“So, if you want to really hurt me, talk badly about my language. Ethnic identity is twin skin to linguistic identity—I am my language.” —Gloria Anzaldua, “How to Tame a Wild Tongue”
Gloria Anzaldua’s “How to Tame a Wild Tongue” is now an iconic translingual text. Originally published in 1987, Anzaldua’s text is visceral, difficult, inspiring, and raw. And remains so to this day. Not only does “How to Tame a Wild Tongue” defy linguistic conventions—the text moves from English to Spanish to Chicano Spanish without translating or pausing and moves from theoretical discourse to the language of the home and/or the street—it also defies genre conventions—moving from something akin to academic discourse to personal narrative and shifting in time and perspective. As such, students often have equally strong reactions to the text, either loving or hating it and Anzaldua. Alternatively, some students may attempt to disengage with the text because of the difficulty. Because of this, I recommend several sessions to work through the text.
Anzaldua makes strong arguments about linguistic oppression, both from the dominant and Spanish-speaking cultures. Here are some examples of her position:
“Attacks on one’s form of expression with the intent to censor are a violation of the First Amendment. El Anglo con cara de inocente nos arranco la lengua. Wild tongues can’t be tamed, they can only be cut out.”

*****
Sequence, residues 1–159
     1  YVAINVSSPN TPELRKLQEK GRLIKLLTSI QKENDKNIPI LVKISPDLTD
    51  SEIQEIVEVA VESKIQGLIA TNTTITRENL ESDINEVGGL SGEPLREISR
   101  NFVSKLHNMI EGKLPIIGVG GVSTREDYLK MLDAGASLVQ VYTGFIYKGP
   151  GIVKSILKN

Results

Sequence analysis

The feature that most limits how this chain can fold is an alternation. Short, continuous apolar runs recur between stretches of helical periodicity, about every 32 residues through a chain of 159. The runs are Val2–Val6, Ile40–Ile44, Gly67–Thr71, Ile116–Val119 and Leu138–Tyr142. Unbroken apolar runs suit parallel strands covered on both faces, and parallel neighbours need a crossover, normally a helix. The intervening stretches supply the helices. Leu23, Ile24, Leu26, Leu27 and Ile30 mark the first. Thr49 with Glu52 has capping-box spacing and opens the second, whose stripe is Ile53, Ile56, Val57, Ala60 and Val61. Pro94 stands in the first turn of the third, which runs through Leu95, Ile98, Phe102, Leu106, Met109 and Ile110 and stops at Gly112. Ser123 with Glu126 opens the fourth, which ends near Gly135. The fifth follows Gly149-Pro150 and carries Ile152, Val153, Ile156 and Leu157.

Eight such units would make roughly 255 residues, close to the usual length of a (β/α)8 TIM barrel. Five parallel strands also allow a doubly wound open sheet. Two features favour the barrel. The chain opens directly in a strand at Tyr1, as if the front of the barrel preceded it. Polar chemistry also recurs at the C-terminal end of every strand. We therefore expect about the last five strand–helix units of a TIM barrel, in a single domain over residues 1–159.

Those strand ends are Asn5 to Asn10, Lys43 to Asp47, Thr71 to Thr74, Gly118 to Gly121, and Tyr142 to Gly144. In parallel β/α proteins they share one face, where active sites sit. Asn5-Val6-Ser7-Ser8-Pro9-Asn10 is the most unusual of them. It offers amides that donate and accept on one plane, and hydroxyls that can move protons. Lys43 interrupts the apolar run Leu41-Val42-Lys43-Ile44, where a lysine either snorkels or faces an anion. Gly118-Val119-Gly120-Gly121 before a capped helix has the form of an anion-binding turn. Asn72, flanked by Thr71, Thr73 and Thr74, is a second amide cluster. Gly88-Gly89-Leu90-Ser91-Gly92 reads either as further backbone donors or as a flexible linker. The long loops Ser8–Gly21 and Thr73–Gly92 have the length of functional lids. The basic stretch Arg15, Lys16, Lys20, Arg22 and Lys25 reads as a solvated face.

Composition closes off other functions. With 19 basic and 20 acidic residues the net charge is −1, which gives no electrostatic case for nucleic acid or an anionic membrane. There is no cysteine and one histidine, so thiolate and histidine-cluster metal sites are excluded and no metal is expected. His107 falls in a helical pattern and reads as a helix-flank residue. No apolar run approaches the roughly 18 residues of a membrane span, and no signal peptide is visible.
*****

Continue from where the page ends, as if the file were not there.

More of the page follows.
“Chicanas who grew up speaking Chicano Spanish have internalized the belief that we speak poor Spanish. It is illegitimate, a bastard language. And because we internalized how our language has been used against us by the dominant culture, we use our language differences against each other.”
This text can be examined as an example of code-meshing or translanguaging or considered as a political argument. You could pair this with other texts that focus on Spanish, such as Marjorie Agosin‘s essay and poem. Or, you could consider this in conjunction with other texts that argue for the legitimacy of non-standardized language such as June Jordan‘s. Additionally, you may also choose to discuss this as a literacy narrative like Min-Zhan Lu‘s. However, Anzaldua’s piece can certainly stand alone.
This freewrite might help to open up a discussion:
Consider your experience as a reader of “How to Tame a Wild Tongue.” How and in what sense is this reading experience equivalent to what Anzaldua calls the “borderland”? What does your position as a reader on the border reveal to you about the nature of encounters across cultures in multicultural America? What “borderlands” exist in your life?
Anzaldua, Gloria. “How to Tame a Wild Tongue.” Borderlands/La Frontera: The New Mestiza, Aunt Lute Books, 1987, pp. 53-64. You can find .pdf of the chapter here.